Ever since the earliest days of digital television, broadcasters have struggled to deliver a television signal with the sound and picture synchronized. That’s because the end-to-end chain from production to compression to storage to distribution to decompression consists of devices that each introduce some latency.

Plus, the audio part of the program and the video part of the program go through different devices in the chain, and are united finally in the TV receiver.

Early on, the worst offenders (in my experience) were the live news feeds from reporters in the field. But the problem wasn’t limited to broadcast signals. I recall watching a cable video-on-demand movie that had a noticeable lip synch problem. Anyway, things got better as the problem became better understood.

More than ten years ago, the Advanced Television Systems Committee issued the following recommendation for synchronization at the input to the broadcast encoding device: “The sound program should never lead the video program by more than 15 milliseconds, and should never lag the video program by more than 45 milliseconds.”

But that does not include the time delays inherent in the decoding process at the digital TV receiver. Those decoder delays introduced additional synchronization errors, because some of the earliest DTV receivers did not check the Presentation Time Stamps periodically while a program was being viewed. There was relative drift between the audio and video streams, but the receivers only re-synchronized the audio and video at a channel change.

Consequently, the Consumer Electronics Association adopted CEB- 20 (“A/V Synchronization Processing Recommended Practice”) in 2009. Basically, it says that receivers should constantly monitor the Presentation Time Stamps for the audio and video, and should keep them synchronized. CEB-20 is used for TV programs delivered to TV receivers and cable set top boxes, but not (so far as I know) for over-the-top video such as Netflix.

But those efforts only dealt with specified pieces of the complete end-to-end TV delivery chain.

Ideally, information should be incorporated into the stream at the time the audio and video are captured, and used by the receiver to synchronize the audio and video at the time they are rendered. The Society of Motion Picture and Television Engineers (SMPTE) has been working on just such a project for a number of years, and they recently reported on the status of that work.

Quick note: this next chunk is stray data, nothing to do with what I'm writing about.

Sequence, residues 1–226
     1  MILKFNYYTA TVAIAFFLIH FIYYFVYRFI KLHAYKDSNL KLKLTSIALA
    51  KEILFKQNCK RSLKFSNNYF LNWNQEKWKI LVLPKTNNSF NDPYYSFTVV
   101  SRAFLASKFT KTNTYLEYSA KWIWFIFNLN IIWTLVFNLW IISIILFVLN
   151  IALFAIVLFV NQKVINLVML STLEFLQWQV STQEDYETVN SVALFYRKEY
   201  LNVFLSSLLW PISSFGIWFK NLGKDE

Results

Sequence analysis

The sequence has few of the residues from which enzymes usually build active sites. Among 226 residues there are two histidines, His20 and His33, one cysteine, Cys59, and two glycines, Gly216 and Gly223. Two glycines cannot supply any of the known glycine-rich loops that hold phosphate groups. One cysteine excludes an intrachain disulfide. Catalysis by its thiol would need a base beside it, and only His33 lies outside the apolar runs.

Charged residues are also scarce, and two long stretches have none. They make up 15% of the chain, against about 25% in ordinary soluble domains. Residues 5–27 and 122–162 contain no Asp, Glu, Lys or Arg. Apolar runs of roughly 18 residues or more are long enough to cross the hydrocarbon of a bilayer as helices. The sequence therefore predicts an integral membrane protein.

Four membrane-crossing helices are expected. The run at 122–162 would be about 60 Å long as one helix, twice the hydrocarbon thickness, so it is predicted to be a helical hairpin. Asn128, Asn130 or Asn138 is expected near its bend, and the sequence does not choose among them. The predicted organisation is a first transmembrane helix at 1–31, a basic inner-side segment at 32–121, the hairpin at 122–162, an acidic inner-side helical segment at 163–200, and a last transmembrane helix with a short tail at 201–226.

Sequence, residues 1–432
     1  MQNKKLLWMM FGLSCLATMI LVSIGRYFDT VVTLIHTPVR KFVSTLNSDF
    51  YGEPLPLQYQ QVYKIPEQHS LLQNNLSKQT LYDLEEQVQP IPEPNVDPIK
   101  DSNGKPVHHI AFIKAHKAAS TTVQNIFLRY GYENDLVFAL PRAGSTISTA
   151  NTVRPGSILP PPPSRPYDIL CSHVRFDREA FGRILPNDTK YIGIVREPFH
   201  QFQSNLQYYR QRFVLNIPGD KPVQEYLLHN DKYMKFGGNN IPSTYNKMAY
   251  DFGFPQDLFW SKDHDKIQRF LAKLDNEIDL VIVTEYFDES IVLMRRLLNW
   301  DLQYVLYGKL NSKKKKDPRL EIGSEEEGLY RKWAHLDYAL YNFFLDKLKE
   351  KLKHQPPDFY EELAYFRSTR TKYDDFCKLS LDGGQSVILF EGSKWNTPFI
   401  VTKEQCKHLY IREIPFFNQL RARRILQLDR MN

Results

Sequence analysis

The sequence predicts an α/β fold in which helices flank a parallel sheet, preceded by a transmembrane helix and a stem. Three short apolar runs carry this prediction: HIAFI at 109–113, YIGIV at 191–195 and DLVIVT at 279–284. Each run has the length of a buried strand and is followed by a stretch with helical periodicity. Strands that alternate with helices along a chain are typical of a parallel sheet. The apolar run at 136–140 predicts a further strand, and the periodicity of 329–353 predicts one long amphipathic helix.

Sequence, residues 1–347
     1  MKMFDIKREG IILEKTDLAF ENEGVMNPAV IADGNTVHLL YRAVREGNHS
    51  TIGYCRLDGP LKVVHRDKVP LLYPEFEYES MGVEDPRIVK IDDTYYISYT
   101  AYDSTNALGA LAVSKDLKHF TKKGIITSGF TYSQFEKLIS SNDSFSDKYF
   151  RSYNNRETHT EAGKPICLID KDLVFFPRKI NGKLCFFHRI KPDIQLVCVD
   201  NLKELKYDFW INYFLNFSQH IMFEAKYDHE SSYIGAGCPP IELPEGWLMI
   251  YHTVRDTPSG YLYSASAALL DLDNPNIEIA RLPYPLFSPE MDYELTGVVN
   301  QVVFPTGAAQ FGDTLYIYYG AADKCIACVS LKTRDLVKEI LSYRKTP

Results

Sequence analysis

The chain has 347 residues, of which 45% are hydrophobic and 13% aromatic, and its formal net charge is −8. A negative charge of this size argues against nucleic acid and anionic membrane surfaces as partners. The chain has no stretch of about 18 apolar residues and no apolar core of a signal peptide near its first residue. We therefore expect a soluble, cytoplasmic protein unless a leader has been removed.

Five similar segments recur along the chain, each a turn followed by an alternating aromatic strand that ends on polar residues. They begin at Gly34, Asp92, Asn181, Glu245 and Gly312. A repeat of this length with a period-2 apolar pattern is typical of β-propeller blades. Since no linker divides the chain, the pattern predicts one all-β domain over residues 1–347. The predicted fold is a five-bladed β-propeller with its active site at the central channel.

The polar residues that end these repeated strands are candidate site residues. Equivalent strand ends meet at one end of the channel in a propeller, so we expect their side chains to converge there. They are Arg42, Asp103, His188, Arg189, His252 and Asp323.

SMPTE’s approach derives certain data from the video and audio at a point in the chain where they are known to be in synch and carries that data to the receiver. The receiver compares the known good data with the same data derived from the video and audio at the receiver and correlates that information to re-synchronize the video and audio.

SMPTE considered two approaches for carrying the data, fingerprinting and watermarking.

Watermarking hides the data invisibly within the video and inaudibly within the audio. Fingerprinting carries the data separately. SMPTE chose fingerprinting, for several reasons. Watermarking modifies the content in ways that might not be invisible or inaudible to all users or might impair the content, might not survive all signal processing, and might not coexist well with other watermarks.The video fingerprint is derived by downsampling a frame to SD resolution, then sampling the luminance of 960 specified points. The data is truncated to 8 bits, and compared with the samples from the previous frame. The number of samples that have changed by more than 32 is divided by 4, and the result is the video fingerprint.

Another sampling and truncation scheme is used to derive the audio fingerprint.

That’s all well and good, but in order for the concept to work, the video and audio fingerprints need to be derived at the receiving device (TV receiver or set top box) so that they can be compared with the values derived at the beginning of the chain, and used by the set top box or receiver to correct the synchronization.

How many boxes or receivers today have the circuitry needed to do this? None.

Can that capability be added to existing, deployed devices? Probably not. What is the incremental cost to add the circuitry to new devices? Unknown.

There’s another issue. SMPTE has defined the fingerprinting method, but not the methods for delivering it down the chain.

Broadcasters and cable systems today use MPEG Transport Streams to deliver the video and audio elementary streams and the related metadata. ATSC standard A/53 and SCTE standard ANSI/SCTE 54 define the method.

No work has begun to modify those standards to define the carriage of fingerprints.

Similarly, Over-The-Top programmers like Netflix use IP Transport. The next generation television system known as ATSC 3.0 will transport video and audio as files, using a different system than MPEG Transport.

Methods for carrying the fingerprint data needs to be defined and standardized for those transport methods.

Finally, a recent experience. I was watching a cable news channel that had a mosaic on the screen consisting of a base picture showing the moderator and six windows with individual commentators. One of the commentator windows had a noticeable lip synch problem.

So far as I can tell, the SMPTE approach cannot correct that problem in the viewer’s TV or set top box. There will still be a need for good lip synch “hygiene” at every point in the program distribution chain.